Sal Contreras: It is. When you start getting a report back or you start looking at your results, you’ll notice that you’re showing up No. 5, No. 6, No. 7, next page and you were at $0.15. Now you have to kind of dial it in. I always look at they want me to pay $0.80. 15 was too low. I’m gonna go 45. And I never go full rate. Always go just below it. Because what I’m trying to do is pull the bid down.
Keith Cosentino: I see. That report you get will tell you where you’ve been showing up?
Sal Contreras: Yeah. It just shows up right on your campaign settings. It’ll tell you how you showed up on the stack of four or five companies on the right side. It’ll show average position is three, five, four, two, whatever.
Shane Jacks: It will also show you by key word. If you click on key words, it’ll show you – can I just give a quick example here, guys? Dent removal. That’s No. 1 on mine. That has the most clicks. It shows you what your average position is for those key words. It shows you how many clicks you’ve had, how much cost per click, and that varies. Dent removal, I’ve had X amount of clicks on theat. The next one is dent repair. The next one is dent removal Greenville, and on down the list.
Another thing, I’m sure, that Sal has done, also, is that you can – I can’t say the names of the companies, but type in the name of the big companies. You know what I mean? When people type them in there, you’re gonna show up.
Sal Contreras: That’s right. There’s so many variations of that. There’s auto body dent removal. There’s auto dent removal. You have to think what would somebody who doesn’t know what they’re searching for type in. It’s funny. It’s all based on the culture of your area. It’s funny. You really have to think about all the variations that could relate. It could be 300 or 400. It’s crazy, if you really wanted to get into it.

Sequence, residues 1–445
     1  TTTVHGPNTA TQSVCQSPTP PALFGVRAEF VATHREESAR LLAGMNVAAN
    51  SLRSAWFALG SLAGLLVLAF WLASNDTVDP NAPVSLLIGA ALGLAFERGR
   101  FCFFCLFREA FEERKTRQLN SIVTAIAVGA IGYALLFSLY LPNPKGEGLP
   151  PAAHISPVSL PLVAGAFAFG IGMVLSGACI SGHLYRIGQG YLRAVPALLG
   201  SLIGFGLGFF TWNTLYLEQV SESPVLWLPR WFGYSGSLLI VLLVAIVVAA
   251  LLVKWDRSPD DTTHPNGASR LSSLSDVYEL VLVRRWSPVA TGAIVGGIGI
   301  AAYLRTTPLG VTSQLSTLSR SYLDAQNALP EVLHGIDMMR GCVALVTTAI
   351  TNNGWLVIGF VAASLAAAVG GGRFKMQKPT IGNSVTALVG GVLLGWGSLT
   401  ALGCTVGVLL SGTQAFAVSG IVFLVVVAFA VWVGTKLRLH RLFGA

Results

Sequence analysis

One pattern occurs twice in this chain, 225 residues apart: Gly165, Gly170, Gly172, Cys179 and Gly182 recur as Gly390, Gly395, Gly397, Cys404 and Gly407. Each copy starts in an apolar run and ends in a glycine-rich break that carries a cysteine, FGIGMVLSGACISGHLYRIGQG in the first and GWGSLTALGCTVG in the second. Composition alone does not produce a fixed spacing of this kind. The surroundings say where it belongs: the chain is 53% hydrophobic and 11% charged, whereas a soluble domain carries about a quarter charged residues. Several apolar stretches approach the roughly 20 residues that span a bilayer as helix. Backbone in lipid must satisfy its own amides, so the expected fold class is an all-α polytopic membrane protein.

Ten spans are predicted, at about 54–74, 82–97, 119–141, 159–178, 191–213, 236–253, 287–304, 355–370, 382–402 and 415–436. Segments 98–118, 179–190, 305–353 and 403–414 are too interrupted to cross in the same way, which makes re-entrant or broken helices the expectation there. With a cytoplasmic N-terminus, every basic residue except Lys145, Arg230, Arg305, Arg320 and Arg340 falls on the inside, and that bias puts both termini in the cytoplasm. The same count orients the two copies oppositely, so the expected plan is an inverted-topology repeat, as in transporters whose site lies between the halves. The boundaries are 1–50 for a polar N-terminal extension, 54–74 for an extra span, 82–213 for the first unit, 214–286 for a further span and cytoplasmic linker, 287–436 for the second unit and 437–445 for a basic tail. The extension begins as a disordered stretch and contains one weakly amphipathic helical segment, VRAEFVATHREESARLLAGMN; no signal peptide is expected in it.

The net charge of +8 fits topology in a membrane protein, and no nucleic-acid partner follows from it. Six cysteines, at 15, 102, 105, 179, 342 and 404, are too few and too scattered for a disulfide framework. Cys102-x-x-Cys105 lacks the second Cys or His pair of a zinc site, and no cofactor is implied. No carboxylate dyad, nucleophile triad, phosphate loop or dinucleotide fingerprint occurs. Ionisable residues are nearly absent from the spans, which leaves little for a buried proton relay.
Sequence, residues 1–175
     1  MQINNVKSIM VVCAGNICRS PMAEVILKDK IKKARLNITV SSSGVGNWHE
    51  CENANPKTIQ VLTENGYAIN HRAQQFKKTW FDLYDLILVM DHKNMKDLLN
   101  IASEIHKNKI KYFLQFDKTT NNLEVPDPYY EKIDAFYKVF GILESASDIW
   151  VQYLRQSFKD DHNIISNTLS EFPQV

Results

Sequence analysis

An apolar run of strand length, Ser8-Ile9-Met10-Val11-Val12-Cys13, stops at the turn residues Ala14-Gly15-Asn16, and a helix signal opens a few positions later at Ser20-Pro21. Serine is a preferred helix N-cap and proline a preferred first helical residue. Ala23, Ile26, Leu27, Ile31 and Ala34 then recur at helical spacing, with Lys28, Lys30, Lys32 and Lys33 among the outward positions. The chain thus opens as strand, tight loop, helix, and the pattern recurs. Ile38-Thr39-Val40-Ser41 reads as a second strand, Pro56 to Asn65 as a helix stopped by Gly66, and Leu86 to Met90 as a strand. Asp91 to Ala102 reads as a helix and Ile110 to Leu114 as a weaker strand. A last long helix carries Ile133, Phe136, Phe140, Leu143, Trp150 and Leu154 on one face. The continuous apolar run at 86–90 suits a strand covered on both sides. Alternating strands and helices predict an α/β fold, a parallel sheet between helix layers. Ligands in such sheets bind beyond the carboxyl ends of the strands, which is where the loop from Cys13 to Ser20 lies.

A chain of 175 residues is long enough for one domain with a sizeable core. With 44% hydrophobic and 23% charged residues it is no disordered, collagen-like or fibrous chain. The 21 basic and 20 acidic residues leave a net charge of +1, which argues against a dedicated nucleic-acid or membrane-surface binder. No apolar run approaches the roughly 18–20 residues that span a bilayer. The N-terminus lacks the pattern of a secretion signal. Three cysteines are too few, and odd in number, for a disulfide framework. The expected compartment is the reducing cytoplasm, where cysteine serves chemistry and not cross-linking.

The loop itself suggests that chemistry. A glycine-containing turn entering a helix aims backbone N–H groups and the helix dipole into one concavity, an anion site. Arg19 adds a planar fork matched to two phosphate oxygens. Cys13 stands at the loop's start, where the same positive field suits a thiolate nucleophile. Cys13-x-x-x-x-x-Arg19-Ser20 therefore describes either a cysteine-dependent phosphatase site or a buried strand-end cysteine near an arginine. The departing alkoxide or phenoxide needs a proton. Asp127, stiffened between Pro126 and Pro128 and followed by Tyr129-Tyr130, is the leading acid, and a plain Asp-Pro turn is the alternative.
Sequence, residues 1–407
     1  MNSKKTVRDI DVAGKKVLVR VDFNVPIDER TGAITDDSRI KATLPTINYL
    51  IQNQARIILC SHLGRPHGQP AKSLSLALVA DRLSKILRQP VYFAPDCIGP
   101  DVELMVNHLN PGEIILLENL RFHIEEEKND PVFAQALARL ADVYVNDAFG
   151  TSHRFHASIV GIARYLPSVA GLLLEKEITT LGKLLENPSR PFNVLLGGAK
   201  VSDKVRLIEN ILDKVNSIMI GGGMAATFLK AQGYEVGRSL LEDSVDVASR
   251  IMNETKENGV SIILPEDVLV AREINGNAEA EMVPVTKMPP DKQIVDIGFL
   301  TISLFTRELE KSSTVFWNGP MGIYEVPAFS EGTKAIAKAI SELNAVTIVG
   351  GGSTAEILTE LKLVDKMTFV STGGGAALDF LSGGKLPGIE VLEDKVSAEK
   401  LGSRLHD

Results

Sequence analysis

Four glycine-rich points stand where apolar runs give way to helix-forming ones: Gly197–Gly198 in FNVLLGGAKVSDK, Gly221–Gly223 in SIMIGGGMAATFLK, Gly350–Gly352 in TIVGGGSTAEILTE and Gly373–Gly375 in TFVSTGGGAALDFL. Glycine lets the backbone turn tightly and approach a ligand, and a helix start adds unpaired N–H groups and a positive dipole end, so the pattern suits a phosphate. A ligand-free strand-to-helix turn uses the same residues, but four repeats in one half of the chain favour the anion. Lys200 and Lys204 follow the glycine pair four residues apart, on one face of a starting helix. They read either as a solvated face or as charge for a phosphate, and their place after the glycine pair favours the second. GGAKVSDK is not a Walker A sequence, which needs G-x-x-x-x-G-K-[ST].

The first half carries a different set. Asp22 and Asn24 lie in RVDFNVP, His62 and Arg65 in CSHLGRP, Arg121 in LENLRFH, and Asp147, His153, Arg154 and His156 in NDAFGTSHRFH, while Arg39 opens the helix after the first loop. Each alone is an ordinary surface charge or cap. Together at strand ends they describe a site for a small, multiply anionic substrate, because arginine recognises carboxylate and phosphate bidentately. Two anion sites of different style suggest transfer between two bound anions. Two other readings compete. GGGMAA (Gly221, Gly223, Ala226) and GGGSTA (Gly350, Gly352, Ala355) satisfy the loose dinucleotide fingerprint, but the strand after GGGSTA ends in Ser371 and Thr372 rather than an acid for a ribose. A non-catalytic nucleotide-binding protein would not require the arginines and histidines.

Keith Cosentino: It’s nuts.
Sal Contreras: And there’s a misspelling setting, where if you set it to where if somebody misspells it you’ll still show up. I don’t do that anymore. I don’t believe in it, so I just go to exact spellings because I don’t want anybody who doesn’t know how to spell.
Shane Jacks: That’s solid. I like that.
Keith Cosentino: You won’t get any calls from Temecula.
Shane Jacks: I do have dentless repair on mine.
Sal Contreras: Yeah. There you go. That’s a good one.
Shane Jacks: I don’t know about you guys, but I hear that – it’s every third customer. “You do that dentless repair?”
Sal Contreras: And it makes sense. It really does. Dentless because you just made the care dentless.
Shane Jacks: But a lot of them say dentless paint repair.
Keith Cosentino: I hear that a lot, too.
Sal Contreras: The last thing I have is the key words. I think what’s important about key words is they will tell you it’s worth so much to be on the first page. What you wanna do is go below it maybe $0.20 and try it out, and see if it tells you you’re on the first page or not. What happens is that if you check it a week later, you are now on the first page, whereas the first time you did it, you were not. That is the best thing you can find out because what you’ve done is you’ve pulled the bid down because you’re the only guy now bidding and the others have dropped out. Do you follow me?